If necessary, slow down and use a gear that will hold your rig at a safe speed without touching the brakes. If your rig speeds up in a gear without you touching the gas, you are not geared down low enough. A safe speed on downgrades is probably 55 mph or less, even if the speed limit is 65 or higher. Excess speed on downgrades can lead to loss of control, sway or worse.

DO NOT STOP OR PARK IN RUNAWAY TRUCK RAMPS! These usually contain deep gravel where you will become stuck, and you do NOT want to be blocking one of these ramps when a truck needs to use it.

At highway speeds, it is usually not advisable to swerve wildly to avoid objects in the road. This can lead to over correction and loss of control. In some cases, it might be best to just attempt a normal lane change maneuver and possibly hit the object, rather than over correct and crash.

Try to drive during daylight hours and avoid rush hour traffic, if possible. If you must drive at night, don't do this on the first day; and slow down 5-10 mph at night and in anything less than perfect weather conditions.

Within an 20-30 minutes, you'll start to relax a little; and in an hour or two, you'll wonder why you ever worried about towing your Airstream.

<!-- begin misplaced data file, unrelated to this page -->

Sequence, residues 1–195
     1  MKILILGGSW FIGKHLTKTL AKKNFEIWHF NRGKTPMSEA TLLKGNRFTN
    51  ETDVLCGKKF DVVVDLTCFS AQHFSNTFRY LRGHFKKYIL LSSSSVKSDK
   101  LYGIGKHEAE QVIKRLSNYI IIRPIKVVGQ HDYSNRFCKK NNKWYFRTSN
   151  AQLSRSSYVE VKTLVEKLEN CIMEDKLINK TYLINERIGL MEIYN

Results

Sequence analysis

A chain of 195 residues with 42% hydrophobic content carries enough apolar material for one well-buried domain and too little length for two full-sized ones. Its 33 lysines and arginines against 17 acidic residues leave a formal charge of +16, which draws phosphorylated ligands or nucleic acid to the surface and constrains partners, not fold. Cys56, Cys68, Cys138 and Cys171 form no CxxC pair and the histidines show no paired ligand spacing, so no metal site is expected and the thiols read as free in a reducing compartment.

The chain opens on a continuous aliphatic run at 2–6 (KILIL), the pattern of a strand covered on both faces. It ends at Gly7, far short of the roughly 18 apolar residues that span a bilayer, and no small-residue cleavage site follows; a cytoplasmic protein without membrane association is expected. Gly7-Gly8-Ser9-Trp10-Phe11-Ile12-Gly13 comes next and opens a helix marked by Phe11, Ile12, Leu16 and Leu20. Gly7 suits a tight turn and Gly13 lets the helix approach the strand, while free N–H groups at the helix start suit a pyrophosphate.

However, remain cautious; as overconfidence and inexperience are a formula for potential disaster.

Good luck and best wishes for a safe trip!


Note: If you have kids and this is a 12-hour drive, I suggest that you split the trip into two days of driving. Undoubtedly, it will take longer than 12 hours, if that is the normal driving time without your Airstream in tow. And, if you haven't towed before, 12 hours will be exhausting. 6-8 daylight driving hours the first day, and 4-6 hours the second will get you there in better shape; and your kids will probably appreciate not sitting for that length of time in the car/truck. A DVD player really helps keep the kids occupied and lessens distractions caused by them.
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Old 11-13-2012, 06:34 PM   #14
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Originally Posted by Alumaholic View Post
Your instincts are good.
This is no way to learn to tow.
Towing is something best learned under safe, non-stressful situations, a little bit at a time.
What you describe is at best a very stressful, not very fun experience.
You can imagine the worst case scenario for yourself.
Just take full advantage of every opportunity to learn how to tow an Airstream between now and Thanksgiving 2013.

I think there is a lot of merit to this advice.

I'm only about 3 years into this and I have pulled up into NC going up to Cherokee and I think that was an easier section than up to I-40 from I-26.

Might be best to get the experience then tackle the trip to Gattlinburg or a plan B driver. At the very least, increase your space cushion around you. This is the distance in front and as best you can, behind you.

Good luck.